Archives For Spiritual Integration

By Drew Strayer, Pastor of Groups & Care, Manor Church

As one of the pastors in a local [U.S.] church, I am tasked with engaging our congregation with opportunities to grow in understanding God and God’s ways—as well as how they can engage the world with God. When our friends at HOPE International approached us with the chance to host a poverty simulation, we jumped at the opportunity to meet a need we knew existed in our body: We needed to go deeper in our understanding of God’s heart for those living in poverty. 

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by Jesse Casler, Chief Operations Officer

December and Christmas are usually when we think of generosity. In this season, we’re encouraged to turn our attention toward others and sharing the blessings we’ve received in the previous year. For many, end-of-year giving to nonprofits is also incentivized by tax planning, which results in incredible sums of money donated in the last few days of the year.

In this conflicting storm of consumerism and altruism, we’re inundated with so many messages, each vying for our attention and, ultimately, our money. So, in January, the last thing we want to think about is spending more or giving away anything. But, if we want to be good stewards of what God has given us, if we’re seeking to use our resources for maximum Kingdom impact, we have to talk about generosity before and after December. Continue Reading…

Savings Group, Haiti

“Sow righteousness for yourselves,
reap the fruit of unfailing love,
and break up your unplowed ground;
for it is time to seek the Lord,
until he comes
and showers his righteousness on you.”
Hosea 10:12

The start of a new year offers a wonderful opportunity to commit to seeking the Lord even more intentionally. As 2019 begins, we invite you to join us in a HOPE-themed devotional. Created with our friends at YouVersion, the plans are available online or via the YouVersion app.

Here are three options we suggest, based on what God might be inviting you to this year:

If you have a desire for personal growth, we recommend … Continue Reading…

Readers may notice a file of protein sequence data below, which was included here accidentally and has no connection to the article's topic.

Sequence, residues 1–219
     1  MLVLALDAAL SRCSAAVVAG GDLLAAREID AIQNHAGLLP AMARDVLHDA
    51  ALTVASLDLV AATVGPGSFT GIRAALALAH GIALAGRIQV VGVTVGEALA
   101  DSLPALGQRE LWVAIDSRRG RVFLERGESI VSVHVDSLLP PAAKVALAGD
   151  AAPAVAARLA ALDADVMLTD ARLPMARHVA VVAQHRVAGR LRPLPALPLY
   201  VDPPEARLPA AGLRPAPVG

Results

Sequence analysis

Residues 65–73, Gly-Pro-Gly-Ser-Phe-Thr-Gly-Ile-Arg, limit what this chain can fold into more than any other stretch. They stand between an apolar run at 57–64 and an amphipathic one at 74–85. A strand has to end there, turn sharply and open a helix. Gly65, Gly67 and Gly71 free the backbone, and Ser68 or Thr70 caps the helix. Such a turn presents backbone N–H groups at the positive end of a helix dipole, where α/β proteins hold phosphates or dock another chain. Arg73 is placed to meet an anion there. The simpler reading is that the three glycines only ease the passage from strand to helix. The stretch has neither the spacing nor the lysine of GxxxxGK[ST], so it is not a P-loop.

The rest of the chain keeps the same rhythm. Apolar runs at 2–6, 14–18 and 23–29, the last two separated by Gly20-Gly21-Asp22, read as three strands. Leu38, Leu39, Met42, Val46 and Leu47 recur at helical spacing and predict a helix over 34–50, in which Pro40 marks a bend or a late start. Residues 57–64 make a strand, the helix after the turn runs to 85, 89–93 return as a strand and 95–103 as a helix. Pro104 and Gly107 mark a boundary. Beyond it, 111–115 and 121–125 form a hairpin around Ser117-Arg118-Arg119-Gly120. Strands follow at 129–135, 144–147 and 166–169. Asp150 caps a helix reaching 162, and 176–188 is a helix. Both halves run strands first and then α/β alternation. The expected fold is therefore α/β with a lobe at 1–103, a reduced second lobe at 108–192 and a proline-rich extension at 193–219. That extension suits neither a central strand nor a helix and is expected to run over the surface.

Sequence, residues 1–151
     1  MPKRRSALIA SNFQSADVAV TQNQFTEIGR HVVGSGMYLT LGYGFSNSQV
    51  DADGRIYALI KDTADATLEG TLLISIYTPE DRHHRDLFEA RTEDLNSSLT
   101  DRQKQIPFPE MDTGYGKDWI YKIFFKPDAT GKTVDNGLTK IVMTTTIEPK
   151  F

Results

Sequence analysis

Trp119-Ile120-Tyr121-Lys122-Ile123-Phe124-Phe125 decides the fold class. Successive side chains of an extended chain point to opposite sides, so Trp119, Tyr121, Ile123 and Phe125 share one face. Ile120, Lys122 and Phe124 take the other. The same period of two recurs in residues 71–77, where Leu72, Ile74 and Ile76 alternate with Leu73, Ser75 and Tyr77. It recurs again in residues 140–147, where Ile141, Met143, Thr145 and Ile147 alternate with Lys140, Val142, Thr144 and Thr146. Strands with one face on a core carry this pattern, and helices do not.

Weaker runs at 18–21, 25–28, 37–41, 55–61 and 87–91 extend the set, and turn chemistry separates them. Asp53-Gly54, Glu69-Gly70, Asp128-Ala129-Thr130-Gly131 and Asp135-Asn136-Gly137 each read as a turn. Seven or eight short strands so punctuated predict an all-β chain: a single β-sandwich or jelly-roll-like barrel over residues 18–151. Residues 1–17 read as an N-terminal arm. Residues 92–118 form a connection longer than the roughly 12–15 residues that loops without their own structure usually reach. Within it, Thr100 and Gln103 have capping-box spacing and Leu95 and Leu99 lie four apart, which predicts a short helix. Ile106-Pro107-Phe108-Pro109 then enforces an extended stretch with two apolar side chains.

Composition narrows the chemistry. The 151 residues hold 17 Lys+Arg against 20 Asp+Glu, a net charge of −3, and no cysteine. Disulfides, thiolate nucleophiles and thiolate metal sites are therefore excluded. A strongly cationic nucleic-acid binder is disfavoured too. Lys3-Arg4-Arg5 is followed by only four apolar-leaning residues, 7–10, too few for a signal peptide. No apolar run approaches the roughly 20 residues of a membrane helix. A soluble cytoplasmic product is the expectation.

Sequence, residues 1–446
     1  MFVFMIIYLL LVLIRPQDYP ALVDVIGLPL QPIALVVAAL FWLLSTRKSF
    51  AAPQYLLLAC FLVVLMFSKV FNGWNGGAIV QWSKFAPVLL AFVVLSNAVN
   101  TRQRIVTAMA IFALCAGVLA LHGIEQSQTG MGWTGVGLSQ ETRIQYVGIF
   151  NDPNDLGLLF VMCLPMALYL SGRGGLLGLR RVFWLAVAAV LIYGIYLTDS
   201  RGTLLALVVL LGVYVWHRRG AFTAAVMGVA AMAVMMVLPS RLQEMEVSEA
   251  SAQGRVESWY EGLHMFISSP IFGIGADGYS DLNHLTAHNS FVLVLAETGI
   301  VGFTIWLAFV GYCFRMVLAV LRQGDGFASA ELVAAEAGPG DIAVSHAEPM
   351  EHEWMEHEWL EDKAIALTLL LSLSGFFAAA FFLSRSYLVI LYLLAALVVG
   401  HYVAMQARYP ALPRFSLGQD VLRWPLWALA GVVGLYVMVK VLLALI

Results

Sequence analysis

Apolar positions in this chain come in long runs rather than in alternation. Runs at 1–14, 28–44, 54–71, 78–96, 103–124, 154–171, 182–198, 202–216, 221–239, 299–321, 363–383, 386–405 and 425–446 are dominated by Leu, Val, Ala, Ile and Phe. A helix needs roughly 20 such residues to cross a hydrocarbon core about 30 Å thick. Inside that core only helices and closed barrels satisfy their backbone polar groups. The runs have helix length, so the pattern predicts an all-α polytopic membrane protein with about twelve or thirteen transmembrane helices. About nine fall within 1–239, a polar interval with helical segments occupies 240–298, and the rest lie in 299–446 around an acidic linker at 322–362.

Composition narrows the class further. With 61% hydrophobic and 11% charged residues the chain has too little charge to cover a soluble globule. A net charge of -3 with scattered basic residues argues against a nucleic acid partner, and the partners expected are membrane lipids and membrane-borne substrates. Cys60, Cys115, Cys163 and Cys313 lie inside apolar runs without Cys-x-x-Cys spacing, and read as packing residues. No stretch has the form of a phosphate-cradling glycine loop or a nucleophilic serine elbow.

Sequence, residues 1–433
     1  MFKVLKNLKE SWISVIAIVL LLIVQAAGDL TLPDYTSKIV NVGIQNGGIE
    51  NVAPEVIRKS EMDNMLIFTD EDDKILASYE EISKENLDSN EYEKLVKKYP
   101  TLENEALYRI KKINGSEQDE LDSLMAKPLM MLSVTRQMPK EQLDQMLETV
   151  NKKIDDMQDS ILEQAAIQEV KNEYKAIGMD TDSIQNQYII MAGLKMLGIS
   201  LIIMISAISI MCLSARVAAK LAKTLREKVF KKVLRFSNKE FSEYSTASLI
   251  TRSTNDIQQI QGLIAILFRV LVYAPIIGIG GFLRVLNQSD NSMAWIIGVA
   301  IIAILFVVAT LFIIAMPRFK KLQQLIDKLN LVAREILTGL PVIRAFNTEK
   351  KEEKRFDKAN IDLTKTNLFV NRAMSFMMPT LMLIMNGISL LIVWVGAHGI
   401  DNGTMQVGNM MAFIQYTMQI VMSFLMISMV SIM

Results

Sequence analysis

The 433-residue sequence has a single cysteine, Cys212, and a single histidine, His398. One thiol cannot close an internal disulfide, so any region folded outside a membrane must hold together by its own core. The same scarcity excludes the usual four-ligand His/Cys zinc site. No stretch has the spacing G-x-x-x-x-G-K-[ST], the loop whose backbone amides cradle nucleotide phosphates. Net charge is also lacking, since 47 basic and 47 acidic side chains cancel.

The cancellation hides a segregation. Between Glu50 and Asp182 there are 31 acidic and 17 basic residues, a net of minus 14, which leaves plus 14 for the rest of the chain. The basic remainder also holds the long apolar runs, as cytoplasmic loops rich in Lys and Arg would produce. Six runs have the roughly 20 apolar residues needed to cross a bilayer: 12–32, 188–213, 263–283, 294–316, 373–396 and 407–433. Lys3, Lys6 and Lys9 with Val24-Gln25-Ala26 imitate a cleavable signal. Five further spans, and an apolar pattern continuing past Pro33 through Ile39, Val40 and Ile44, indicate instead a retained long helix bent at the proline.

by David Wills, President Emeritus, National Christian Foundation

In the 20 years I have served with the National Christian Foundation, I have been privileged to interact with some of the most generous people on the planet. Together, we have mobilized more than $10 billion in grants to more than 55,000 nonprofits.

But throughout my career, I also came to believe that not all giving is created equal. In its best form, generous Kingdom giving requires tremendous passion, effort, and intentionality, as well as great reliance on the Holy Spirit. In my time mobilizing generosity, I saw how easily Christians can miss some of the most impactful giving opportunities. If you sought my advice on how to impact the Kingdom through your generosity this holiday season and beyond, here’s what I would recommend you consider:   Continue Reading…

At HOPE International, we’re constantly encouraged by the ways our clients are growing spiritually, emotionally, and relationally as they steward the material resources God has given them.

We’re seeing so many HOPE-network clients use the resources, talents, and opportunities God has given them to extend generosity outward. These families all over the world are extending Kingdom work far beyond the HOPE network, being Jesus’ hands and feet in their communities by meeting tangible needs. Continue Reading…

Header image: slum neighborhood of Asunción, Paraguay

In the 1990s, the World Bank interviewed more than 60,000 individuals living in low-income countries, asking one primary question: What is poverty?

When asked this question, Western audiences often respond with what those in poverty lack: food, money, clean water, etc. But the families interviewed by the World Bank described poverty in much more multidimensional terms, naming the lack of options, strained relationships, low self-esteem, and feelings of helplessness.

A HOPE staff member once asked a savings group in Rwanda the same question—how do you define poverty? Most of their descriptions framed their experience of poverty as emotional and relational: Continue Reading…